Some Thoughts on Evil, Suffering, and Hope
Yesterday, my sister-in-law lost her mother to cancer. A horrible disease which took a sweet person way too soon. In times of sorrow and suffering the question of why is always on the forefront of our minds. Why now, why her, and why did she have to die from this horrible disease?
In 2009, my wife and I lost our second child, Samantha, to a rare genetic abnormality. She was four days old. Why so soon? Is God punishing us? Children are to outlive their parents, right?
These moments of uncertainty and pain are times when we ask the big questions of life. When life is good, bodies are healthy, and we’re walking in the calm before the storm, the concerns of immortality are not the burning existential conversations front and center.
And yet, when cancer, sorrow, suffering, loss, and death comes knocking on the door, answers most often fall flat. Times of rumination and reflection on the existence of God, and tight apologetic arguments on suffering, and eternity, and why a good God can’t coexist with evil, rarely help in the midst of the storm.
Apologetic arguments didn't help my wife and I as we grieved the death of our daughter.
But what I do know, or know in part, is that suffering and evil are real. Live long enough and will come in different shapes and kinds. Death is real and no one can outrun it.
And what I know, again, in part, there’s hope in the storm. Not hope in a life where suffering and sorrow and death are avoided. That world doesn’t exist. Yet, I know a hope for walking right in the middle of the pain and loss. Hope with a steel spine.
A couple weeks ago I ran across a quote that described this “steel-spine” hope. When I meditated on the words, it gave me hope in a season where many people in my life are walking through hard times. Experiencing much sorrow and the dark night of the soul. Maybe you know a few.
Here is what Frederick Buechner said about evil and suffering:
God is all-powerful.
God is all-good.
Terrible things happen.
You can reconcile any two of these propositions with each other, but you can't reconcile all three. The problem of evil is perhaps the greatest single problem for religious faith.
There have been numerous theological and philosophical attempts to solve it, but when it comes down to the reality of evil itself, they are none of them worth much. When a child is raped and murdered, the parents are not apt to take much comfort from the explanation (better than most) that since God wants us to love him, we must be free to love or not to love and thus free to rape and murder a child if we take a notion to.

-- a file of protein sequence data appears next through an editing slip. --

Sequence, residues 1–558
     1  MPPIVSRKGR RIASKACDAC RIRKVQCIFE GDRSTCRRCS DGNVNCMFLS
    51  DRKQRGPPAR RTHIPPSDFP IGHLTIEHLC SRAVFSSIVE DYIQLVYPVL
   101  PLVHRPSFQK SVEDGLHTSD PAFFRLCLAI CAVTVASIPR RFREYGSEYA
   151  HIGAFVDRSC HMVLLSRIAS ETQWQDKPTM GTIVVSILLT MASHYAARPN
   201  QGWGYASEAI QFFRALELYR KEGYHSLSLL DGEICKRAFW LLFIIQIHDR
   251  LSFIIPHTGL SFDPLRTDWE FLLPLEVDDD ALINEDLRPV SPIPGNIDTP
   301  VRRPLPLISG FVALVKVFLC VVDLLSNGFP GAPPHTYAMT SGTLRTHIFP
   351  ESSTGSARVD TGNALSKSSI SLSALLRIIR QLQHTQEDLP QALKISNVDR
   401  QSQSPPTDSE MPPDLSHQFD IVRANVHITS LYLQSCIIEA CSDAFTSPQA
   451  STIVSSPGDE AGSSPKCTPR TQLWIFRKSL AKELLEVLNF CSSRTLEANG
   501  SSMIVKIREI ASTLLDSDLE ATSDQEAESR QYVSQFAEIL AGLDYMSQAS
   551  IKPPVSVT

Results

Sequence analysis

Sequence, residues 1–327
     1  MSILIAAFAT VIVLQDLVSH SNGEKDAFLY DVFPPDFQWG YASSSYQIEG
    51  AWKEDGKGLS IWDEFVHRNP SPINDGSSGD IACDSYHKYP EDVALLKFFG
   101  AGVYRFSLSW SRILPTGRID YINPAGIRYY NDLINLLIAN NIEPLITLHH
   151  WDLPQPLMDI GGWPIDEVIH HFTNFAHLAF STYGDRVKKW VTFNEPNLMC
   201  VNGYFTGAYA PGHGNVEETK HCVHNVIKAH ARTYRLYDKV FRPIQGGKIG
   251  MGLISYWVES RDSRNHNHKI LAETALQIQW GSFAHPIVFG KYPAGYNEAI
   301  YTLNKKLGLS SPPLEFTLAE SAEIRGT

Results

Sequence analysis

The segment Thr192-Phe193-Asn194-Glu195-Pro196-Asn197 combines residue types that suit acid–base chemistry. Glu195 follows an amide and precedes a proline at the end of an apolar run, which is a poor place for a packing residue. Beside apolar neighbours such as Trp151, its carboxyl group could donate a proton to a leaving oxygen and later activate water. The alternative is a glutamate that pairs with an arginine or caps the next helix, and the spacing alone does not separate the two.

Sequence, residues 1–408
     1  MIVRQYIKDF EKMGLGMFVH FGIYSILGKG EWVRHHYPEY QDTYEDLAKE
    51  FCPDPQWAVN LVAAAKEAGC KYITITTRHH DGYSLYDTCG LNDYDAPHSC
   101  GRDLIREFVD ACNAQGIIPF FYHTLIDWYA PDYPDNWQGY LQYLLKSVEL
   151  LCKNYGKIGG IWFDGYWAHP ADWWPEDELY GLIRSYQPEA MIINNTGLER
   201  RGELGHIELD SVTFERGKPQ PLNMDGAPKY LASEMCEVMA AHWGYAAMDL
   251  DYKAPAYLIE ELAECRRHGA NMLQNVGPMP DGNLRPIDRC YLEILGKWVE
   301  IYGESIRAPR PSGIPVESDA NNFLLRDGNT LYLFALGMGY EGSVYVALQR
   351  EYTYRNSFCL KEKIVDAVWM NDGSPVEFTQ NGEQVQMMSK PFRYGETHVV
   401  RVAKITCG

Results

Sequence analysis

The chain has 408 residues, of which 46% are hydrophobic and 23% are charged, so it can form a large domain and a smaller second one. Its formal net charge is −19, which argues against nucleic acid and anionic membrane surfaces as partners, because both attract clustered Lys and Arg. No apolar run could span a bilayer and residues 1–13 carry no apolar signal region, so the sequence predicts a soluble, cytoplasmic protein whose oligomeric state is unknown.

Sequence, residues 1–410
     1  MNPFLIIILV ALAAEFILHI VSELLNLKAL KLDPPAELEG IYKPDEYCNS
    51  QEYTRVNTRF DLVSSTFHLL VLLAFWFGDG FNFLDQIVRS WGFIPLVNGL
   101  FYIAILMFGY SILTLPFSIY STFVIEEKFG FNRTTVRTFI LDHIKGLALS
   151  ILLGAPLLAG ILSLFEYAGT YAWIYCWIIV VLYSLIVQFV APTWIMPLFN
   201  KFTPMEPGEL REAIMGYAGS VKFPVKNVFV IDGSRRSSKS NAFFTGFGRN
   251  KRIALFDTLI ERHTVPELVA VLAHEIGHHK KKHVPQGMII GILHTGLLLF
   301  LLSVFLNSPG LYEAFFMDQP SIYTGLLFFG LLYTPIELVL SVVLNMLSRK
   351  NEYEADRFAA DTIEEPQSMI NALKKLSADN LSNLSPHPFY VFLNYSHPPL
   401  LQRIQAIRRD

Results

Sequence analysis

Christian Science solves the problem of evil by saying that it does not exist except as an illusion of mortal mind. Buddhism solves it in terms of reincarnation and an inexorable law of cause and effect whereby the raped child is merely reaping the consequences of evil deeds she committed in another life.
Christianity, on the other hand, ultimately offers no theoretical solution at all. It merely points to the cross and says that, practically speaking, there is no evil so dark and so obscene—not even this—but that God can turn it to good. -Originally published in Wishful Thinking and later in Beyond Words
The cross of Jesus is where evil was ultimately disarmed, given an eviction notice, and an expiration date. On the cross, Jesus winked at death, sin, hell, and Satan and said: nice try, it is finished.
The steel spine hope we need is not found in what our intellectual minds can muster or hearts can feel. Hope is found in a person, Another, and in historical realties and events in time and space.
Cross and Resurrection says: no life is too far gone, nobody too ravished by cancer, no sin too deep, mind too warped, relationships too shipwrecked, or death knocking on the door, to have hope.
God had an eternal plan through the death and resurrection of Jesus to restore all that was lost, and all that is unjust, and all that is dark, and all the messes we’ve made because of ignoring our Maker and Redeemer.
We don’t have to have tight answers to existential questions to have hope. The problem of evil and suffering is difficult even for the most devout disciple of Jesus. But, there’s always hope.
The realities of life under the sun expose three truths: God is all-powerful, God is all-good, and terrible things happen. The cross helps us live with the tension that evil and sorrow and pain can be turned to good. We need not ignore, minimize, or pretend evil and suffering is easy, or try to find destructive ways to avoid it.
But thanks be to God a victory has been won on our behalf in Christ Jesus. Thank God, we still have a steel spine hope afforded to us.
The sting of death is sin, and the power of sin is the law. But thanks be to God, who gives us the victory through our Lord Jesus Christ. -1 Corinthians 15:56-57